Fifty years later, interactions between police and residents continue to draw attention.
Last month, Philadelphia Police Commissioner Richard Ross apologized to two black men who were arrested last week at Starbucks, to the officers involved and others “who I have failed in a variety of ways.”
The Wall Street Journal, which said the incident renewed a national discussion on how police and businesses treat African-Americans, described Ross’ apology as follows:
Ross said he regretted initially saying the officers who arrested the men did nothing wrong, though he defended their actions in other ways and denied that race had affected the police response.
“I should have said the officers acted within the scope of the law, and not that they didn’t do anything wrong,” he said. “Messaging is important, and I failed miserably in this regard.”
The department has a new policy for how it will handle similar situations, he said.
A Starbucks manager had called police when the two men did not purchase anything. A video of the men being handcuffed by police went viral online. Starbucks apologized. The chain plans to close more than 8,000 U.S. company-owned stores for an afternoon May 29 to provide employees with antiracial-bias education.
While the above incident involved corporate policy, police and community leaders acknowledge the importance of positive police-community relations. At a national meeting hosted by the Police Executive Research Forum, community leaders offered several ways that police can build trust with the community.
From that meeting, the following recommendations for police-community relationship building were made:
- Acknowledge and discuss with your communities the challenges you are facing.
- Be transparent and accountable.
- Take steps to reduce bias and improve cultural competency.
- Maintain focus on the importance of collaboration, and be visible in the community.
- Promote internal diversity and ensure professional growth opportunities.
A review of the 1968 Kerner report revealed similar recommendations. It summarized its recommendations in another excerpt, which captures the exact language of the time, from the report’s introduction:
“The Commission recommends that city government and police authorities:
* Review police operations in the ghetto to ensure proper conduct by police officers, and eliminate abrasive practices.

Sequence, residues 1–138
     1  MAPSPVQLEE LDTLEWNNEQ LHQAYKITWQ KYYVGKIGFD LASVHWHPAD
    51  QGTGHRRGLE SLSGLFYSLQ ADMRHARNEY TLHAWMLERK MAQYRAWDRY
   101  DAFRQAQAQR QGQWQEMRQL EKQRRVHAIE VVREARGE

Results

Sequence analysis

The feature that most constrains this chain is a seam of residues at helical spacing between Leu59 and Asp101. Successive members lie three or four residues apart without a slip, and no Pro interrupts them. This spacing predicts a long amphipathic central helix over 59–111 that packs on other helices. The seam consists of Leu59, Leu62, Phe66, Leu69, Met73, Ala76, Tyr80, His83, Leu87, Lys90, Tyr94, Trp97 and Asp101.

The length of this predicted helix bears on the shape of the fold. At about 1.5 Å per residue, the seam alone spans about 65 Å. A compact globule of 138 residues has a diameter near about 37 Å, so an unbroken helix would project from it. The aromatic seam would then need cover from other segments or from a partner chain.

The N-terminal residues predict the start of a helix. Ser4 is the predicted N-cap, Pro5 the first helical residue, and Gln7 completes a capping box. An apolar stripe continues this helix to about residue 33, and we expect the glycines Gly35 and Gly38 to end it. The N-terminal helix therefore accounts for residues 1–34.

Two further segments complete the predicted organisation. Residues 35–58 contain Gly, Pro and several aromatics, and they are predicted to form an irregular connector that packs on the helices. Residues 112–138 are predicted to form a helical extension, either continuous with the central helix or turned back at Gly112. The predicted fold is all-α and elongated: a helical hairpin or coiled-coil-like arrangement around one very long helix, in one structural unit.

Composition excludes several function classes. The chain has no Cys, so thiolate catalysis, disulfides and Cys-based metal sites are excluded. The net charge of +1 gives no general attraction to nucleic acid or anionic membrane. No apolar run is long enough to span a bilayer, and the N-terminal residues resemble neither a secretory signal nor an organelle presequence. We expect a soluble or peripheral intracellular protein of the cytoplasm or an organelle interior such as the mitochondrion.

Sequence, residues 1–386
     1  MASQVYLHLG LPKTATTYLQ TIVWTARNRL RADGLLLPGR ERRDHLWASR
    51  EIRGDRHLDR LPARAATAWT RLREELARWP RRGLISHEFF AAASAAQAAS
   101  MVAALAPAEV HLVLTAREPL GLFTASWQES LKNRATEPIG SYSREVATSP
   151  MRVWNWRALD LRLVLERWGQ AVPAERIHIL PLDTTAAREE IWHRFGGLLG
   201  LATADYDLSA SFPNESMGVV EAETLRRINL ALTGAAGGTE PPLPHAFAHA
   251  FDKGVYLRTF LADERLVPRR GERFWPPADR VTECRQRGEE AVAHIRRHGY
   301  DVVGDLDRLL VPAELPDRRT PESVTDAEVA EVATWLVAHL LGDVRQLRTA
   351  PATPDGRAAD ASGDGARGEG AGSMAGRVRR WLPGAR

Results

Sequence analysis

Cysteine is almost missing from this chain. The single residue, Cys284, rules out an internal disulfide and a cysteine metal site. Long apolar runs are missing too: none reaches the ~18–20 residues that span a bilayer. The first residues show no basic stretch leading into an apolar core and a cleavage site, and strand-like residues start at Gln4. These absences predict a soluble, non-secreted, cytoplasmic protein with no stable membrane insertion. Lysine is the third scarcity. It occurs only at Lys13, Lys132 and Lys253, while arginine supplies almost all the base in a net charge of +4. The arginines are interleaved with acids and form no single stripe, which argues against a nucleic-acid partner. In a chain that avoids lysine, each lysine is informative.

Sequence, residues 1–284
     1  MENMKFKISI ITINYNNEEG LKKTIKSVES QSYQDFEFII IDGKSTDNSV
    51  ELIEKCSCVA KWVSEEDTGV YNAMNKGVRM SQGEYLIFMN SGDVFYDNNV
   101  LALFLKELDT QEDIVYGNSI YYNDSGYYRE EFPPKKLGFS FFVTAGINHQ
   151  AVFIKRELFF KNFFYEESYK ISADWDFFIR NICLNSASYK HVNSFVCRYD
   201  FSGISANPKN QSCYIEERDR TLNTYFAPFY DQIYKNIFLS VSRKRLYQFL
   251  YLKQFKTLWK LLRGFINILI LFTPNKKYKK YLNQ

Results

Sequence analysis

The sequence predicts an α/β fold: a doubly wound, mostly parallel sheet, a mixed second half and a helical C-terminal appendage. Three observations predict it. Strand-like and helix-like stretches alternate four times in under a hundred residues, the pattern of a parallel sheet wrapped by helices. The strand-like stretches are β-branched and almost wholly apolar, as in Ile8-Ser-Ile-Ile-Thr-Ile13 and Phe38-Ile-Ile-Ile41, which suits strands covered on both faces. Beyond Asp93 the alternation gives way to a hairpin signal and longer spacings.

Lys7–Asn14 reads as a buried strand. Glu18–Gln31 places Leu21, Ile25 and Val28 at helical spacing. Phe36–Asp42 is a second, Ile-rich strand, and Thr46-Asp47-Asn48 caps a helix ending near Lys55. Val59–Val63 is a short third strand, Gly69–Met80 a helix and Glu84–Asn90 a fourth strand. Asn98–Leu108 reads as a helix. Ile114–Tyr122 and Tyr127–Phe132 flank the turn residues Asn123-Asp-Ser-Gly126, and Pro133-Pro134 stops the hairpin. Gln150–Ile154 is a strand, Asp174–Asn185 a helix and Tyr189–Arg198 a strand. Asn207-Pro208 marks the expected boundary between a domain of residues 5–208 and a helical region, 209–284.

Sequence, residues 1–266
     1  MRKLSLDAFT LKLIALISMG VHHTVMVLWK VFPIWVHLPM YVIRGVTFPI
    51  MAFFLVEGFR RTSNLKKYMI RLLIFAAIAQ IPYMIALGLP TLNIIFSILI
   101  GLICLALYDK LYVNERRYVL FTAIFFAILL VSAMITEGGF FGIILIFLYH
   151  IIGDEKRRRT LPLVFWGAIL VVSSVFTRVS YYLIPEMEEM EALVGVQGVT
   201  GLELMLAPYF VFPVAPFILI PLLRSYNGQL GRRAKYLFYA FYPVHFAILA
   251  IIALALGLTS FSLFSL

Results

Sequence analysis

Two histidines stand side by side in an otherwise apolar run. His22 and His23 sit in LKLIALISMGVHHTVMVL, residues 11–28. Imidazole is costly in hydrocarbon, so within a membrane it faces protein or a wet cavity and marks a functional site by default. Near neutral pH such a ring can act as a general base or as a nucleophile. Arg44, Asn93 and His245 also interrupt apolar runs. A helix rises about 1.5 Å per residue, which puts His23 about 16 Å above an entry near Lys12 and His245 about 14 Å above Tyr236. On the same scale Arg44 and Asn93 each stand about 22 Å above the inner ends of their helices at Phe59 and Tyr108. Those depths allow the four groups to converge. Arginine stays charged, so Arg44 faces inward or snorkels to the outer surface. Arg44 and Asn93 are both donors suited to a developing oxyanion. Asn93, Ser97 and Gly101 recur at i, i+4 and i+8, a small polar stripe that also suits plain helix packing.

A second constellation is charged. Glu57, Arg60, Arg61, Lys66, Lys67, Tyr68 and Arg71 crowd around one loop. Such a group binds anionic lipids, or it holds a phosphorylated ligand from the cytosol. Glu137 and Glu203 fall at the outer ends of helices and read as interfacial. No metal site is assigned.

* Provide more adequate police protection to ghetto residents to eliminate their high sense of insecurity, and the belief of many Negro citizens in the existence of a dual standard of law enforcement.
* Establish fair and effective mechanisms for the redress of grievances against the police, and other municipal employees.
* Develop and adopt policy guidelines to assist officers in making critical decisions in areas where police conduct can create tension.
* Develop and use innovative programs to ensure widespread community support for law enforcement.
* Recruit more Negroes into the regular police force, and review promotion policies to ensure fair promotion for Negro officers.
* Establish a "Community Service Officer" program to attract ghetto youths between the ages of 17 and 21 to police work. These junior officers would perform duties in ghetto neighborhoods, but would not have full police authority. The federal government should provide support equal to 90 percent of the costs of employing CSOs on the basis of one for every ten regular officers.”
The Kerner Commission dedicated an entire chapter in its 1968 report to “Police and Community.” In the report’s introduction, the commissioners wrote:
“The abrasive relationship between the police and the minority communities has been a major-and explosive-source of grievance, tension and disorder. The blame must be shared by the total society. The police are faced with demands for increased protection and service in the ghetto. Yet the aggressive patrol practices thought necessary to meet these demands themselves create tension and hostility. The resulting grievances have been further aggravated by the lack of effective mechanisms for handling complaints against the police. Special programs for bettering police-community relations have been instituted, but these alone are not enough. Police administrators, with the guidance of public officials, and the support of the entire community, must take vigorous action to improve law enforcement and to decrease the potential for disorder.”
The National Civic League newsletter will highlight explanations from the Kerner report in future editions.